Over the weekend I finished two titles that don’t bear elaborate reviews. First up was Agatha Christie’s Hallowe’en Party, a murder mystery set during this spooky-fun season. Not everyone is having fun, though, especially not little Joyce, who – – shortly after announcing that she’d once seen a murder – turned up dead in the apple-bobbing tank. So a Halloween party for teens turned into an occasion for horror, and Hercule Poirot was called to the case. Although the prevailing theory among Joyce’s surprisingly stoic friends and family is that some random mental patient, turned out from the asylums for lack of beds, broke in and decided to scratch his itch for adolescent murder, Poirot finds this premise unlikely and works on his suspicion that her claim to have seen a murder, and her being murdered, were connected. He therefore is pursuing two cases at once: what did Joyce see, and who was involved who might also be at the party? The tale is entertaining, though not nearly as interesting as Murder on the Orient Express.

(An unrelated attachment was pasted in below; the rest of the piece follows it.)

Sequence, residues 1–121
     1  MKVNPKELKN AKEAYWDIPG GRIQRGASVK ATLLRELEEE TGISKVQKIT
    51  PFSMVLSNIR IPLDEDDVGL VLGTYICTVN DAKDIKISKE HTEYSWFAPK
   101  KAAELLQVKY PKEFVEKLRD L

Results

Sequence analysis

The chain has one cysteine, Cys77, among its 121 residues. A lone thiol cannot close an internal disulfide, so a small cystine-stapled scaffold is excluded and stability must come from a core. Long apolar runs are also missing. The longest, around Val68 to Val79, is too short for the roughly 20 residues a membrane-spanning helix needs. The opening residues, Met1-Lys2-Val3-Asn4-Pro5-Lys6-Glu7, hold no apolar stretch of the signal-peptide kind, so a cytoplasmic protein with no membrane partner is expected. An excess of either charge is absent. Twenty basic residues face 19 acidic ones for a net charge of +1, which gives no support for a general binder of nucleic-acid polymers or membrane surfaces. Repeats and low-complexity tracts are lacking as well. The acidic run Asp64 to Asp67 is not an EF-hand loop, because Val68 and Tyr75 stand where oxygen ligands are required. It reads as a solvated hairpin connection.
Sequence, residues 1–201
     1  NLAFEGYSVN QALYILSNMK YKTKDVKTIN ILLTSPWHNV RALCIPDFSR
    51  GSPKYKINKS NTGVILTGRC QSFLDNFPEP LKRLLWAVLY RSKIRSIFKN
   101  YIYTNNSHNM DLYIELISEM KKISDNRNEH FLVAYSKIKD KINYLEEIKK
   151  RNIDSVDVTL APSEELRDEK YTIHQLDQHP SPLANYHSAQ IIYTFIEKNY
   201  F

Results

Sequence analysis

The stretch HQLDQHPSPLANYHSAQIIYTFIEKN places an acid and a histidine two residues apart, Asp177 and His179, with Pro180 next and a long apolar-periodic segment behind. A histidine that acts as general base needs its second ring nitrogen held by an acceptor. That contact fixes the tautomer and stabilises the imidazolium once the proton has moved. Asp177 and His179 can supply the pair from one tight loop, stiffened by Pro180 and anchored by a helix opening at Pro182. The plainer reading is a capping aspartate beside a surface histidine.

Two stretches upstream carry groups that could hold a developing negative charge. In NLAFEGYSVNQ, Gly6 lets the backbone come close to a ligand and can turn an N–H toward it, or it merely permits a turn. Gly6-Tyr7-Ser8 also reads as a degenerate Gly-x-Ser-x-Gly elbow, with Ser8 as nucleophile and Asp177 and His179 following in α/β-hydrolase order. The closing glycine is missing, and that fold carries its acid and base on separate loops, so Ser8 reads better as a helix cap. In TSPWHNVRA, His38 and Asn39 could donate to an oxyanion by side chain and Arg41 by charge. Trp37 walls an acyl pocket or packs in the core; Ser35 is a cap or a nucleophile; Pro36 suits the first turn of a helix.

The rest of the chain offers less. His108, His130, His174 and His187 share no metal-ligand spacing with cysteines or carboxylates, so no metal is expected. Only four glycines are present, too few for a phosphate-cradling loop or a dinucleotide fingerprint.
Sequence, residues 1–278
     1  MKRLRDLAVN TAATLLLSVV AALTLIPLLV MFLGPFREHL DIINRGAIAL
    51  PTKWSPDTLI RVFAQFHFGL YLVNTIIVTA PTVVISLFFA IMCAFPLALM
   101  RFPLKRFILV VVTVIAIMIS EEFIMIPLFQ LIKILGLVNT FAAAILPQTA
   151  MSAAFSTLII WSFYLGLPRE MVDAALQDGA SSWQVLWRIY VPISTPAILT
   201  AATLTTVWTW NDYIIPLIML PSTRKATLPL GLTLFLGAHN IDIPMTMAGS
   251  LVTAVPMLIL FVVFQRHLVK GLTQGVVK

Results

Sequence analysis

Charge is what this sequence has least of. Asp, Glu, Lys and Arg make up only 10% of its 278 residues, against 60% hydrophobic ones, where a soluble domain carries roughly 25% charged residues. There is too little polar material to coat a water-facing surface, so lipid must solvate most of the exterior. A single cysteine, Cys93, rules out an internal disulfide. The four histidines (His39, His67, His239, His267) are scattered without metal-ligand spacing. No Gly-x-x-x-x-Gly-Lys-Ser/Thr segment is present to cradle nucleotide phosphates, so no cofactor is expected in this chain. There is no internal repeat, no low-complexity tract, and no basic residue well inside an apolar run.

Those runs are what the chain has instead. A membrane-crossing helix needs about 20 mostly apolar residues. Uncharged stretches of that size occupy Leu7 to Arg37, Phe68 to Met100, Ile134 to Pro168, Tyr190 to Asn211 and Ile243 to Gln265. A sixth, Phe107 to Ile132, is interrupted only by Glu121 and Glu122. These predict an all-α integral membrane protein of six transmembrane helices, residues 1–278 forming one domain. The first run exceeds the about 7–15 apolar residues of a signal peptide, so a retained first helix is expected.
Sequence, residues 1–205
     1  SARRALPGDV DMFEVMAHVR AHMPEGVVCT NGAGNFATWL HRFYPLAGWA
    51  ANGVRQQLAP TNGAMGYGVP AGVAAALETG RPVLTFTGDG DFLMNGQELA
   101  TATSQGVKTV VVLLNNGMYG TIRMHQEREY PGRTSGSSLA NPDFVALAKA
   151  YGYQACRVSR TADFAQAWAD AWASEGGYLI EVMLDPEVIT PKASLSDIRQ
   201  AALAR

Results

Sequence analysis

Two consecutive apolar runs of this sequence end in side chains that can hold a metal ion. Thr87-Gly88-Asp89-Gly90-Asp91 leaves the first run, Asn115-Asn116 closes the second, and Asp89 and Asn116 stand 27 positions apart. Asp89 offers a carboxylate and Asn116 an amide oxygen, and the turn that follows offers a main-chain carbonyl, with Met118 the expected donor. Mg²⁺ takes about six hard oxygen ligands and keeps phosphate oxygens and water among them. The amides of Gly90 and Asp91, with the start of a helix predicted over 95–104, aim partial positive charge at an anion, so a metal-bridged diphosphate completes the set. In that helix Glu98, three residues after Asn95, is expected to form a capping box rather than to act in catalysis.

Next up was Difficult Men, a history of a trend in turn-of-the-century broadcasting that saw serious dramas with troubled characters appear from a haze of episodic shows in which nothing serious ever really happened. The stars of the show are David Chase and David Simon, the first an innovative if edgy showrunner who initiated a revolution with The Sopranos, and the latter a journalist whose work took him to television, creating The Wire. Vince Gilligan also appears in the last section of book, with his extraordinary stylistic creation Breaking Bad, but The Sopranos dominates. This was a first for me; other books I’ve read about television the past have been Star Trek related. I count The Sopranos and Breaking Bad as two of the best written shows I’ve ever watched, however – although the first was so violent that it took me ten years to finish the show’s six seasons . As I sometimes watch videos evaluating films and tv from a production POV – the use of shots, the development of character, etc – I thought I’d find this generally interesting, but as it was, only the bits on Tony and Walter’s respective dramas held my attention. Although I’m still interested in reading the books that inspired The Wire (they’ve been on my Amazon list for over a decade!), I’m not so much interested in watching more gritty television, at least not for a now.